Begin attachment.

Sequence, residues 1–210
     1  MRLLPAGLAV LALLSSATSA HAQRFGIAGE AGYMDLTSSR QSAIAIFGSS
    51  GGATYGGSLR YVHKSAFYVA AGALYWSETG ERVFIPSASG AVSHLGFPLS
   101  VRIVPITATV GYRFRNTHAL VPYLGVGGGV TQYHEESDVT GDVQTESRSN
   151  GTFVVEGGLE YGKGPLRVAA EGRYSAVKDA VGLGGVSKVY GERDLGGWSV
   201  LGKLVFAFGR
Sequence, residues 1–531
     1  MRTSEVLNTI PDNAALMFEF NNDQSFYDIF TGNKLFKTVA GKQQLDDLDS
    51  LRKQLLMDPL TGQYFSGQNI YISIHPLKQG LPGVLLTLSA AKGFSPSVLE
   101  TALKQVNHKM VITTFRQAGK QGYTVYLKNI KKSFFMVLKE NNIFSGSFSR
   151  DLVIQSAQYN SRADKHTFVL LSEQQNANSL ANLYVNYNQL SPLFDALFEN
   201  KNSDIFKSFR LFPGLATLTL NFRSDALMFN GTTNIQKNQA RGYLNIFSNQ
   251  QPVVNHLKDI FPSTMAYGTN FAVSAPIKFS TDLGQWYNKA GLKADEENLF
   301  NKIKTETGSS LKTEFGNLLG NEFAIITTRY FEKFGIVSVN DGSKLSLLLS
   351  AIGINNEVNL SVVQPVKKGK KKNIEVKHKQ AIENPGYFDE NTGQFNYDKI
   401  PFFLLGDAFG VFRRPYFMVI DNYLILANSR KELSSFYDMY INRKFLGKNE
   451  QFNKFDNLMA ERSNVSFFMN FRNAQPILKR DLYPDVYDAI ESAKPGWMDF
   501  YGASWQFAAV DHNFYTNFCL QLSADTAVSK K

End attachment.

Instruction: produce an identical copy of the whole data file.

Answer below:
Sequence, residues 1–210
     1  MRLLPAGLAV LALLSSATSA HAQRFGIAGE AGYMDLTSSR QSAIAIFGSS
    51  GGATYGGSLR YVHKSAFYVA AGALYWSETG ERVFIPSASG AVSHLGFPLS
   101  VRIVPITATV GYRFRNTHAL VPYLGVGGGV TQYHEESDVT GDVQTESRSN
   151  GTFVVEGGLE YGKGPLRVAA EGRYSAVKDA VGLGGVSKVY GERDLGGWSV
   201  LGKLVFAFGR
Sequence, residues 1–531
     1  MRTSEVLNTI PDNAALMFEF NNDQSFYDIF TGNKLFKTVA GKQQLDDLDS
    51  LRKQLLMDPL TGQYFSGQNI YISIHPLKQG LPGVLLTLSA AKGFSPSVLE
   101  TALKQVNHKM VITTFRQAGK QGYTVYLKNI KKSFFMVLKE NNIFSGSFSR
   151  DLVIQSAQYN SRADKHTFVL LSEQQNANSL ANLYVNYNQL SPLFDALFEN
   201  KNSDIFKSFR LFPGLATLTL NFRSDALMFN GTTNIQKNQA RGYLNIFSNQ
   251  QPVVNHLKDI FPSTMAYGTN FAVSAPIKFS TDLGQWYNKA GLKADEENLF
   301  NKIKTETGSS LKTEFGNLLG NEFAIITTRY FEKFGIVSVN DGSKLSLLLS
   351  AIGINNEVNL SVVQPVKKGK KKNIEVKHKQ AIENPGYFDE NTGQFNYDKI
   401  PFFLLGDAFG VFRRPYFMVI DNYLILANSR KELSSFYDMY INRKFLGKNE
   451  QFNKFDNLMA ERSNVSFFMN FRNAQPILKR DLYPDVYDAI ESAKPGWMDF
   501  YGASWQFAAV DHNFYTNFCL QLSADTAVSK K